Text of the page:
Harry S. Truman Presidential Library & Museum

Public Papers
Harry S. Truman
1945-1953


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Provided courtesy of The American Presidency Project.  John Woolley and Gerhard Peters. University of California, Santa Barbara.
  62. Statement by the President on Driving Safety  
June 18, 1945

MOTORISTS throughout the Nation will get an increase in their gasoline rations this week. This
means more traffic on our streets and highways and more danger of accidents with loss of life and
destruction of property.

Upon every man and woman who drives an automobile rests the responsibility of helping to avert
this danger. Each can do his part by driving safely and by keeping his car in good operating
condition.

The average automobile in use today is nearly twice as old as the average car on the highways
before the war. Its mechanical condition is likely to be poor. Its tires are worn and often weak. Its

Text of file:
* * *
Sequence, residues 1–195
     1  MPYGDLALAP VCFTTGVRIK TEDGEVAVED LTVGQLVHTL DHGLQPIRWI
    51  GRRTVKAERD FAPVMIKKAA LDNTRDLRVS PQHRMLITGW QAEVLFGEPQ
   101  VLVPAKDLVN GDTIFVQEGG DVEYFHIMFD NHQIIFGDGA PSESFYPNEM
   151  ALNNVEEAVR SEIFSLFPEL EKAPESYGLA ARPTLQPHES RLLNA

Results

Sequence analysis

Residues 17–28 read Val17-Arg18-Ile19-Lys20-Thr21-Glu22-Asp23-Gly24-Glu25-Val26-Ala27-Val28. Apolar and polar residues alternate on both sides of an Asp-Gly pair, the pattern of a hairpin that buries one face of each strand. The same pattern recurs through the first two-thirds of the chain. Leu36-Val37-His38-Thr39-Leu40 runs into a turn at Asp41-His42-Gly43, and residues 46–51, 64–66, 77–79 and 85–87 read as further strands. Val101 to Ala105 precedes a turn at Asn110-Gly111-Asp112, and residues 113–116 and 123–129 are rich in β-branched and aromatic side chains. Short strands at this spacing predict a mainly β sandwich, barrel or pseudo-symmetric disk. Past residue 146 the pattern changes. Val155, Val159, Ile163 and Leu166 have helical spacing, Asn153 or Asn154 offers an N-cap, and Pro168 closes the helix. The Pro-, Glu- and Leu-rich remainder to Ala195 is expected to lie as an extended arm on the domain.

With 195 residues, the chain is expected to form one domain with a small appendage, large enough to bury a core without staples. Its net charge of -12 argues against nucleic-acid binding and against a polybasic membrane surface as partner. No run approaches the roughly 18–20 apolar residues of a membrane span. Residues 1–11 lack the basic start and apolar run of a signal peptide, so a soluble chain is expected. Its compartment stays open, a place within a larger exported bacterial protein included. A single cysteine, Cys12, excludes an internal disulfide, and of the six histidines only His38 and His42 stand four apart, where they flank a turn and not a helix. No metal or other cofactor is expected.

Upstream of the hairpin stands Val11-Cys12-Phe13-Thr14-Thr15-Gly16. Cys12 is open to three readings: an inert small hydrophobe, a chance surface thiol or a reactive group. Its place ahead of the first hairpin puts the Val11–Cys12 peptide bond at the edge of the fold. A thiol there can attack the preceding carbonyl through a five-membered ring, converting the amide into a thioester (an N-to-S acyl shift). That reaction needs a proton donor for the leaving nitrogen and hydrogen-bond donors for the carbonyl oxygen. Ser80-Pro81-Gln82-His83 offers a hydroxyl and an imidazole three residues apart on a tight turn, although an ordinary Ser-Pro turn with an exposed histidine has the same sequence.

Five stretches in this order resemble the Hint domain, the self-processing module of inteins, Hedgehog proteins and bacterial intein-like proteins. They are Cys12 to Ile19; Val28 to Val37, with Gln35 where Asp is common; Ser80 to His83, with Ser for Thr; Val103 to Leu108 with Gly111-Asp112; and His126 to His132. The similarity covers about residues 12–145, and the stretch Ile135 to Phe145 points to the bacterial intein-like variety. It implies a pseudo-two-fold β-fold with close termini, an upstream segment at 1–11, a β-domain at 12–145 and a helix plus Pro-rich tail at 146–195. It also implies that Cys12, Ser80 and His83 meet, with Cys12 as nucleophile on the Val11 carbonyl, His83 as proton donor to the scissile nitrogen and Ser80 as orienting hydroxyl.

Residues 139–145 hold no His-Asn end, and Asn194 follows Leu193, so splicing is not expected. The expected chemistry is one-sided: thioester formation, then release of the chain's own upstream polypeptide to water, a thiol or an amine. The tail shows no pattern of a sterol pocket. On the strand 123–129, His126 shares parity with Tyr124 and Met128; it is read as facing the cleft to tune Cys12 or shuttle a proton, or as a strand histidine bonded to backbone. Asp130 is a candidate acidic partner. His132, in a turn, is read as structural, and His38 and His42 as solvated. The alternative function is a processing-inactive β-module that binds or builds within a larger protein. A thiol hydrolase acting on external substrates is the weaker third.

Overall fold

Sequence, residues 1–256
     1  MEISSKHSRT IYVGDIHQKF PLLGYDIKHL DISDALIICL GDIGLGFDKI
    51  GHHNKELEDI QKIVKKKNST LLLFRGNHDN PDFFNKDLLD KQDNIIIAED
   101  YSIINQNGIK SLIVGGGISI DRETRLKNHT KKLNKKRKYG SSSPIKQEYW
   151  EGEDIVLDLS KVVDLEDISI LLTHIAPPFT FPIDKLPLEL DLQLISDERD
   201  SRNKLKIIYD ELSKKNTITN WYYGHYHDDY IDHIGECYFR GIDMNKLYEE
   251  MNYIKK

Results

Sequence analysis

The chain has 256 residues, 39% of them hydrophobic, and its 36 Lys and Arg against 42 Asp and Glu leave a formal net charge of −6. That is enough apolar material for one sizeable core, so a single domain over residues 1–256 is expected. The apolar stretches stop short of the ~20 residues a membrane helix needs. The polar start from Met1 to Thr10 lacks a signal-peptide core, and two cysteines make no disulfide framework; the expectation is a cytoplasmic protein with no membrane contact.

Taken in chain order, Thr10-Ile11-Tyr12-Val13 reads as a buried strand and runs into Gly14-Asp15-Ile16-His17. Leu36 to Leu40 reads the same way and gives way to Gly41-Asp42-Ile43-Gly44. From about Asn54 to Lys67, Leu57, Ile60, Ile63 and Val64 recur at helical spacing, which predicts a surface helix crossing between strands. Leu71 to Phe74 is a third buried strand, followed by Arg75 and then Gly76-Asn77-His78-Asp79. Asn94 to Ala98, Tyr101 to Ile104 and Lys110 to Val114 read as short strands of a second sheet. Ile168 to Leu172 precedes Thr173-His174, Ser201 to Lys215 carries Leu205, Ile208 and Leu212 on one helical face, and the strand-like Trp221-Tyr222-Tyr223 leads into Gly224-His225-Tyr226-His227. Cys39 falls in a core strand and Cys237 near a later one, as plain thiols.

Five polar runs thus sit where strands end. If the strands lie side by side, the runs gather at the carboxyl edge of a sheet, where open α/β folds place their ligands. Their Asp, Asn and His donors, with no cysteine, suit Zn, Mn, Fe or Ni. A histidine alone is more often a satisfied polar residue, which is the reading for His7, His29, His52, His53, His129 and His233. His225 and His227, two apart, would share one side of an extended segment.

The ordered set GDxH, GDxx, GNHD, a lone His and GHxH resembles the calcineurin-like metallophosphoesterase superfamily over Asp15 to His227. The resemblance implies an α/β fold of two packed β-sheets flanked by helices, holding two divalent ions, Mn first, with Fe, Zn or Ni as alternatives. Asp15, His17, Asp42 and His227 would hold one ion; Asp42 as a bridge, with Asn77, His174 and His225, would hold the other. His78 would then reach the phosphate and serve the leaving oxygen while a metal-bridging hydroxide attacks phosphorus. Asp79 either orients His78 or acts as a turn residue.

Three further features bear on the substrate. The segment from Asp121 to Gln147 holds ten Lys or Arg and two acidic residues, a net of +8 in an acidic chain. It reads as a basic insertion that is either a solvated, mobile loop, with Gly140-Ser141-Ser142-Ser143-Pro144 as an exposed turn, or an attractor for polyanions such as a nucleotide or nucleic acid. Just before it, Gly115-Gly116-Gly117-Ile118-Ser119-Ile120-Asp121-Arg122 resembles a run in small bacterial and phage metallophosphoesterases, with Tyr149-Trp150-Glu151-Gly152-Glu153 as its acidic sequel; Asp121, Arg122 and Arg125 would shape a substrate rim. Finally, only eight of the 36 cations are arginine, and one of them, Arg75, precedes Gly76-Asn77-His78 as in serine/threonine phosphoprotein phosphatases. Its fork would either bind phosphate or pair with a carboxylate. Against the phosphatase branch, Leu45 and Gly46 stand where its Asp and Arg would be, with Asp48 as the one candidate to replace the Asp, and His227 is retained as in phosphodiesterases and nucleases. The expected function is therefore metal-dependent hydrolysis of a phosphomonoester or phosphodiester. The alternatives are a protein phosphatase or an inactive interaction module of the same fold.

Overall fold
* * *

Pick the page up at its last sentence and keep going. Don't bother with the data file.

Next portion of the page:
brakes may be faulty. The International Association of Chiefs of Police advises me that a recent
check-up showed one of every seven cars inspected in the United States and Canada had brakes
that failed to meet minimum safety requirements.

By keeping his car in safe operating condition and by driving it with the utmost care, every motorist
can help in relieving our serious transportation problem and thereby aid further in the whole war
effort.

I am confident, in urging law enforcement officers everywhere to continue and increase their
efforts, that all our people will give their full cooperation and support.
 
Provided courtesy of The American Presidency Project.  John Woolley and Gerhard Peters. University of California, Santa Barbara.